Development and validation of the Nasal Obstruction Symptom Evaluation (NOSE) Scale

Michael G. Stewart, David L. Witsell, Timothy L. Smith, Edward M. Weaver, Bevan Yueh, Maureen T. Hannley

Research output: Contribution to journalArticlepeer-review

645 Scopus citations

Abstract

OBJECTIVE: The study goal was to validate a disease-specific health status instrument for use in patients with nasal obstruction. DESIGN, SETTINGS, AND PATIENTS: The study consisted of a prospective instrument validation conducted at 4 academic medical centers with 32 adults with nasal septal deformity. METHODS: Prospective instrument validation occurred in 2 stages. Stage 1 was the development of a preliminary (alpha-version) instrument of potential items. Stage 2 was a test of the alpha-version for item performance, internal consistency, and test-retest reliability; construct, discriminant, criterion validity, and responsiveness; and creation of the final instrument. RESULTS: Items with poor performance were eliminated from the alpha-version instrument. In testing the final instrument, test-retest reliability was adequate at 0.702; internal consistency reliability was also adequate at 0.785. Validity was confirmed using correlation and comparison analysis, and response sensitivity was excellent. CONCLUSIONS: The Nasal Obstruction Symptom Evaluation Scale is a valid, reliable, and responsive instrument that is brief and easy to complete and has potential use for outcomes studies in adults with nasal obstruction.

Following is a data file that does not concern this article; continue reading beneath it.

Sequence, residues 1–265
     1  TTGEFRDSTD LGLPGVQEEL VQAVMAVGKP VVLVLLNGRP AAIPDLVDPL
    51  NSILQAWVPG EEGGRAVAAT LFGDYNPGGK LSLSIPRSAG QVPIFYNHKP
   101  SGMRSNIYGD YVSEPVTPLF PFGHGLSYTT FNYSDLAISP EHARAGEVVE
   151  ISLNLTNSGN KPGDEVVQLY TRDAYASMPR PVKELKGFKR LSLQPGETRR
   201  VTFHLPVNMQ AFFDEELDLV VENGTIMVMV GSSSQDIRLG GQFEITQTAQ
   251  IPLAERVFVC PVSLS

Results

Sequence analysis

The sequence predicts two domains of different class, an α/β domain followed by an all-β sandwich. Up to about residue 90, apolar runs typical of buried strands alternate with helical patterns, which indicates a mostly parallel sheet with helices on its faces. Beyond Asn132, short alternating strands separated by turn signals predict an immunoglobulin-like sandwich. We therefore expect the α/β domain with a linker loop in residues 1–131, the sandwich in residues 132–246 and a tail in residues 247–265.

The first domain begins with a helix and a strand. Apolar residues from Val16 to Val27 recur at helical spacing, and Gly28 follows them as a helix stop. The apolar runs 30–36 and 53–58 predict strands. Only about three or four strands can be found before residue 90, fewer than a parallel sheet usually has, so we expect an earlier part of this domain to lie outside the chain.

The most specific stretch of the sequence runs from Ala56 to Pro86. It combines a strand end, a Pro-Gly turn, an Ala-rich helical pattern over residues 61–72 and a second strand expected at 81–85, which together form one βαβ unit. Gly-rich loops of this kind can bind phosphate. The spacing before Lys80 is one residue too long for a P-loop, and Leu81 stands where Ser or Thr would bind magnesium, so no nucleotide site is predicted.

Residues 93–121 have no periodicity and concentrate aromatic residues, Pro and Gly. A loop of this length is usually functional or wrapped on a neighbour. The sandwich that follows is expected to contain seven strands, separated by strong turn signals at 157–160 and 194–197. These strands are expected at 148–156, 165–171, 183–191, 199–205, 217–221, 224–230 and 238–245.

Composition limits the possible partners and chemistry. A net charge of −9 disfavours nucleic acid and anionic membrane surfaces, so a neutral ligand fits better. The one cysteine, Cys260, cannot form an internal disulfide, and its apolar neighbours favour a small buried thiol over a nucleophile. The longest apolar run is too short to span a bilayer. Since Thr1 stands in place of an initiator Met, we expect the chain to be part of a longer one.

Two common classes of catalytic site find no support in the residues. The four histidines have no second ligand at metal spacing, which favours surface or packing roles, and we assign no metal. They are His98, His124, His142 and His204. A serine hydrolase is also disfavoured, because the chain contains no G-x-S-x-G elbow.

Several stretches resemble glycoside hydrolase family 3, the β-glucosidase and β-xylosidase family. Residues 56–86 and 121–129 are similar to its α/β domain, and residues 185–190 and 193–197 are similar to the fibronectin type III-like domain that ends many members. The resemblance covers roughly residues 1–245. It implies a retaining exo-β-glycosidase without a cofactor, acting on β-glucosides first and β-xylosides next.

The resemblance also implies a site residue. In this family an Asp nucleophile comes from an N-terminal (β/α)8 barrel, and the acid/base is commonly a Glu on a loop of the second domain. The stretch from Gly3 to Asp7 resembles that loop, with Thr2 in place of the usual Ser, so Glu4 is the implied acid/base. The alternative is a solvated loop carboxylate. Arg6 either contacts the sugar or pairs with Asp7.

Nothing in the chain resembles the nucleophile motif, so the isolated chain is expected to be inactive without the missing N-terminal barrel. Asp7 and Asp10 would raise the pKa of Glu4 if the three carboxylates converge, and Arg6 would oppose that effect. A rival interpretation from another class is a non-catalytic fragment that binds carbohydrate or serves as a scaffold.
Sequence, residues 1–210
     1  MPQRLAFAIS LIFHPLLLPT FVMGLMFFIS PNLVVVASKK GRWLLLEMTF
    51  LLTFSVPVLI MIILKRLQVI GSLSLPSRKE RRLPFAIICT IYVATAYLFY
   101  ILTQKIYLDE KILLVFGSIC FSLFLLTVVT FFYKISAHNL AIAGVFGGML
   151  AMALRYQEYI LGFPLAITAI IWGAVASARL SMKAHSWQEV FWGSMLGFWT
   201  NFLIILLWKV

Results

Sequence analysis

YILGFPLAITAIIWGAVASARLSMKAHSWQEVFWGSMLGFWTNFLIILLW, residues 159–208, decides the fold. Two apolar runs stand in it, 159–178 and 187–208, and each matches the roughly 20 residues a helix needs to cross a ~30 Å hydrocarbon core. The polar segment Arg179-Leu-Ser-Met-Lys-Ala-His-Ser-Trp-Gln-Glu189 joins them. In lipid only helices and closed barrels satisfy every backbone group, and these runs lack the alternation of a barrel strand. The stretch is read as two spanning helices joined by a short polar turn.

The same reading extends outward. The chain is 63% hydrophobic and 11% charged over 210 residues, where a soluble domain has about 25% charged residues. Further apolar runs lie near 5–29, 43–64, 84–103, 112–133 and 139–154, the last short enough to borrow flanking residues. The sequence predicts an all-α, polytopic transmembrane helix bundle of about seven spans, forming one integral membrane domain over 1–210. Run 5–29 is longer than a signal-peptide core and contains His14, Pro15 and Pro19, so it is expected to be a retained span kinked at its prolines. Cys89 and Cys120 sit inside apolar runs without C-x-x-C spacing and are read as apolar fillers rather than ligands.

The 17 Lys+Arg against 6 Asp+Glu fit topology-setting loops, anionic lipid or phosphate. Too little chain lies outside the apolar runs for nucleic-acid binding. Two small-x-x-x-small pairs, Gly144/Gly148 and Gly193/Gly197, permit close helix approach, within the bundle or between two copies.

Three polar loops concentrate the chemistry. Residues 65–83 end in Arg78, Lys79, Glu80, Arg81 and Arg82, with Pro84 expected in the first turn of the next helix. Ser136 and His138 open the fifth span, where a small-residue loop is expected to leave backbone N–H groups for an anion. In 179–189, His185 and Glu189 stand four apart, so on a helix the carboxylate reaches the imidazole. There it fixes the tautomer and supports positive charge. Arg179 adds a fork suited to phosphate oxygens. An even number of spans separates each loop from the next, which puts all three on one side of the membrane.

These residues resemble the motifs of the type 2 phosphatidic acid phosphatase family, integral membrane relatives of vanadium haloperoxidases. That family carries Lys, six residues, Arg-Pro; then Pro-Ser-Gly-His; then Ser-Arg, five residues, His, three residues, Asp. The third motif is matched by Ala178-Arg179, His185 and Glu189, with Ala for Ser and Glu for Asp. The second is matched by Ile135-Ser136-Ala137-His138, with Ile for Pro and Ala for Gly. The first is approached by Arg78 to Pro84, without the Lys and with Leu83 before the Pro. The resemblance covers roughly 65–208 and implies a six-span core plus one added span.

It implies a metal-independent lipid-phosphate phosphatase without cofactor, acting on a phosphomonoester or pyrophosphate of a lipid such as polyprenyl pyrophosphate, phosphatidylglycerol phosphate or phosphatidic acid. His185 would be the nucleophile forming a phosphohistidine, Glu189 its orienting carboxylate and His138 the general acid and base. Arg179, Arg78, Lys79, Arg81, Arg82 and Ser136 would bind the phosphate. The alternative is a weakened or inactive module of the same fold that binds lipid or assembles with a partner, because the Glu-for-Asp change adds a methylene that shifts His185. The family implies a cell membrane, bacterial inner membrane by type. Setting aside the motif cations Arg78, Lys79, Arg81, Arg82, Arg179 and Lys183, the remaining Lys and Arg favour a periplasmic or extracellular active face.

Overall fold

Original languageEnglish (US)
Pages (from-to)157-163
Number of pages7
JournalOtolaryngology - Head and Neck Surgery
Volume130
Issue number2
DOIs
StatePublished - Feb 2004
Externally publishedYes

Bibliographical note

Funding Information:
Supported by Career Development Award CD-98318 from the Health Services Research and Development Service of the Veterans Health Administration, Department of Veterans Affairs (Dr Yueh).

Funding Information:
To perform a prospective assessment of subjective treatment outcomes, a validated outcome instrument is needed, which was the purpose of this study. The development and validation of the outcomes instrument, named the Nasal Obstruction Symptom Evaluation (NOSE) Scale, was conducted as part of a parallel prospective multicenter observational clinical study. This multicenter study was commissioned and funded by the American Academy of Otolaryngology–Head and Neck Surgery Foundation and coordinated under the auspices of its National Center for the Promotion of Research in Otolaryngology.

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